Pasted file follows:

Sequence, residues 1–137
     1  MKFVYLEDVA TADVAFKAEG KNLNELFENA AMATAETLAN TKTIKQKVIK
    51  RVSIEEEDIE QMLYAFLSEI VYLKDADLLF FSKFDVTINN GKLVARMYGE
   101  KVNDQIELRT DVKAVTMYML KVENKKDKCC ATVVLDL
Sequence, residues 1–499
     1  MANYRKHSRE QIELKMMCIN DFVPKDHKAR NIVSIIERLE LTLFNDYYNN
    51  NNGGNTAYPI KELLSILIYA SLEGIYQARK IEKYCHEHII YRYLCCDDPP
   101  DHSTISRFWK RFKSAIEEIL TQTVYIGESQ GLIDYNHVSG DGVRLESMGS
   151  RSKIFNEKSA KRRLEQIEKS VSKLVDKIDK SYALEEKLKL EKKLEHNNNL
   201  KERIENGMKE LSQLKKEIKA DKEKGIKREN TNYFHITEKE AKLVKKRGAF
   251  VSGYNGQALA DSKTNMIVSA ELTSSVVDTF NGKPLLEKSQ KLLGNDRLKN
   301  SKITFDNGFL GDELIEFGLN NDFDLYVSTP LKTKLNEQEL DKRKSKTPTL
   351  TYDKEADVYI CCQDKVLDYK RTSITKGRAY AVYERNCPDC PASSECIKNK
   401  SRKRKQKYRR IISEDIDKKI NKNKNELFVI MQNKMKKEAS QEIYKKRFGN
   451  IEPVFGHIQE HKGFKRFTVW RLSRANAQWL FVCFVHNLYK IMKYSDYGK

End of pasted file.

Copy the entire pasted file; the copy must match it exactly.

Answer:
Sequence, residues 1–137
     1  MKFVYLEDVA TADVAFKAEG KNLNELFENA AMATAETLAN TKTIKQKVIK
    51  RVSIEEEDIE QMLYAFLSEI VYLKDADLLF FSKFDVTINN GKLVARMYGE
   101  KVNDQIELRT DVKAVTMYML KVENKKDKCC ATVVLDL
Sequence, residues 1–499
     1  MANYRKHSRE QIELKMMCIN DFVPKDHKAR NIVSIIERLE LTLFNDYYNN
    51  NNGGNTAYPI KELLSILIYA SLEGIYQARK IEKYCHEHII YRYLCCDDPP
   101  DHSTISRFWK RFKSAIEEIL TQTVYIGESQ GLIDYNHVSG DGVRLESMGS
   151  RSKIFNEKSA KRRLEQIEKS VSKLVDKIDK SYALEEKLKL EKKLEHNNNL
   201  KERIENGMKE LSQLKKEIKA DKEKGIKREN TNYFHITEKE AKLVKKRGAF
   251  VSGYNGQALA DSKTNMIVSA ELTSSVVDTF NGKPLLEKSQ KLLGNDRLKN
   301  SKITFDNGFL GDELIEFGLN NDFDLYVSTP LKTKLNEQEL DKRKSKTPTL
   351  TYDKEADVYI CCQDKVLDYK RTSITKGRAY AVYERNCPDC PASSECIKNK
   401  SRKRKQKYRR IISEDIDKKI NKNKNELFVI MQNKMKKEAS QEIYKKRFGN
   451  IEPVFGHIQE HKGFKRFTVW RLSRANAQWL FVCFVHNLYK IMKYSDYGK